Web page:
Even in the relatively conservative 1950s, the Eisenhower Administration embarked upon the interstate highway system and, in response to Sputnik, spent more money on higher education. But the traditions of the New Deal revived dramatically under Kennedy and Johnson. The Civil Rights Acts of 1964 and 1965 finally extended full rights to black Americans. The poverty program, while imperfect in execution, was noble in motive. The Kennedy Administration made progress in controlling inflation. Per capita income continued to grow rapidly, and marginal tax rates remained very high--and implicit recognition that the richest among us owed their fortunes to a healthy society and economy. All these developments were cresting in 1965. Then, one utterly disastrous decision brought them all to an end--as it turns out, for many decades to come.
Like Robespierre during the terror, Stalin during his Five Year Plans, and Hitler in the midst of the Holocaust, Lyndon Johnson justified the Vietnam War based on theoretical principles, specifically the principle that Communist aggression, if unchecked, would breed more aggression. Unlike his predecessor John F. Kennedy, he could not combine that principle with the western empirical tradition in order to realize that South Vietnam was a terrible place in which to try to apply it. By the time he left office four years later Vietnam was stalemated with half a million American troops on the ground, and the United States that had elected him by a huge margin in 1964 had ceased to exist. The casualties of that war eventually included not merely the 59,000 American dead and hundreds of thousands of wounded, but also, as it turns out, the rationalist tradition in politics.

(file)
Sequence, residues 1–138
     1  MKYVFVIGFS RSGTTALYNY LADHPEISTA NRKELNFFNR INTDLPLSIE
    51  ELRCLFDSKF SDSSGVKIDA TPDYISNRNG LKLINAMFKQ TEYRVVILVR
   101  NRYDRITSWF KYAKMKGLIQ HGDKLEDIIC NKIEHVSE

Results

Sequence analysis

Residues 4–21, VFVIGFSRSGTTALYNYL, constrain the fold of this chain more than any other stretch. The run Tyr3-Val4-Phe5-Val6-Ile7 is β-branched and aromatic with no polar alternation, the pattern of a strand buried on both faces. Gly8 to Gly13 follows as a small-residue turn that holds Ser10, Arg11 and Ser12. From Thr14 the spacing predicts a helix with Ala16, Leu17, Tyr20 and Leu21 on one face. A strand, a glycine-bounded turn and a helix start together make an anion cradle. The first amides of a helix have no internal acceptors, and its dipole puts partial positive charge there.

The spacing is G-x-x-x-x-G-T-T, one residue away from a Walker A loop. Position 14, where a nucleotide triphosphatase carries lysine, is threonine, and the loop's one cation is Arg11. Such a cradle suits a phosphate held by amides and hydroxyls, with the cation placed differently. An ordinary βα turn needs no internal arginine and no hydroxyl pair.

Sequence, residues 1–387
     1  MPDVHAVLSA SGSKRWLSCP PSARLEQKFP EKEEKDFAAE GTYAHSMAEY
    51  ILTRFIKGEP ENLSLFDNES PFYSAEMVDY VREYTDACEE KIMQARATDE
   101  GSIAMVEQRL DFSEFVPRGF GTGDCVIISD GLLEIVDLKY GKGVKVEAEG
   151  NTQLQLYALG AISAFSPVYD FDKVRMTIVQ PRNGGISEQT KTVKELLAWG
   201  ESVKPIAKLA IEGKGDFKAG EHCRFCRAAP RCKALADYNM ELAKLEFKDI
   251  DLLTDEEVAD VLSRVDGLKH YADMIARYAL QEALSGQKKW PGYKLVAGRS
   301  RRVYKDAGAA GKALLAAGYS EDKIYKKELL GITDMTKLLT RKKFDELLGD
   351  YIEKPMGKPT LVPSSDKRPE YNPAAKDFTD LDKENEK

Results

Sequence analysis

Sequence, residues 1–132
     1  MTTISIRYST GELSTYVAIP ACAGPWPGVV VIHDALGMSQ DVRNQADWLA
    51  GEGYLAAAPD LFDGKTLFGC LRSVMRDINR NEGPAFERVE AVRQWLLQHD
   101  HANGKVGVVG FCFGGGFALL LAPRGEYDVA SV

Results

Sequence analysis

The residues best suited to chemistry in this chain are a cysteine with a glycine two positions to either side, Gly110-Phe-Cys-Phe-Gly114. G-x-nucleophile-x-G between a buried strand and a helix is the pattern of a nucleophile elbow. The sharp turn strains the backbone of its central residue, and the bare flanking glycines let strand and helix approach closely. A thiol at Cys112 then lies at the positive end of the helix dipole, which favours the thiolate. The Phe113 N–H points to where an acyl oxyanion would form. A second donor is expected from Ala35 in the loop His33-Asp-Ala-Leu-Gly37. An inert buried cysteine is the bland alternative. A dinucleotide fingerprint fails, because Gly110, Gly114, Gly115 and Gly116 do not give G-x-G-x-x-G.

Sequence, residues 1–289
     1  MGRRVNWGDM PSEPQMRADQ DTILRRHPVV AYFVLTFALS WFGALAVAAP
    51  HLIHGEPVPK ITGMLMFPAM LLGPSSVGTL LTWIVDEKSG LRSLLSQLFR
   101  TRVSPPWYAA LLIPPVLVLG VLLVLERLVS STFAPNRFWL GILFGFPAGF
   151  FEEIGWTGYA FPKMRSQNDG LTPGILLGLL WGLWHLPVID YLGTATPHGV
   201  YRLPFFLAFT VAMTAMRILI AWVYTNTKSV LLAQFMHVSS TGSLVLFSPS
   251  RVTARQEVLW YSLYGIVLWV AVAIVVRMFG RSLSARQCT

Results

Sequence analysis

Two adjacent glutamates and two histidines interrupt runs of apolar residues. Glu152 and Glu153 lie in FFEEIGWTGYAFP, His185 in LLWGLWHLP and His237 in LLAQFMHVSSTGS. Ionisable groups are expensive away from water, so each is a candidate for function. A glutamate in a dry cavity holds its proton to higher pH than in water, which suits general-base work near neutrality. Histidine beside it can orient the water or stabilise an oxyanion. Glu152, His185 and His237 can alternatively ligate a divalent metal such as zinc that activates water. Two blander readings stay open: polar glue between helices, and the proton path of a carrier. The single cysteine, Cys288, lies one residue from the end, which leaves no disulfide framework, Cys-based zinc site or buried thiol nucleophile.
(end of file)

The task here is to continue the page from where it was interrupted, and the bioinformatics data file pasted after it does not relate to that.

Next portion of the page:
As Schulzinger shows, albeit in far more restrained language than I am using, the hopeless enterprise of this endless war destroyed the consensus that had brought Johnson to power--especially within the Democratic Party and the left in general. To a large and critical mass within the Boom generation, it discredited not only Johnson's foreign policy, but all the rationalist claims of the elder generation--indeed, virtually every value that had been embodied in their parents' and grandparents' work. Some of this was both inevitable and healthy. The "greatest" or GI generation had made it through the Depression and the Second World War only with the help of an emotional restraint that could not possibly continue. That was already evident in the new music that had emerged in the mid-1950s and was now reaching its artistic peak ten years later, as well as in the new trends in film of the late 1960s. But without the perversion of the idea of a national effort for the greater good that Vietnam embodied, the very real political achievements of the preceding century might have survived. As it was, they did not.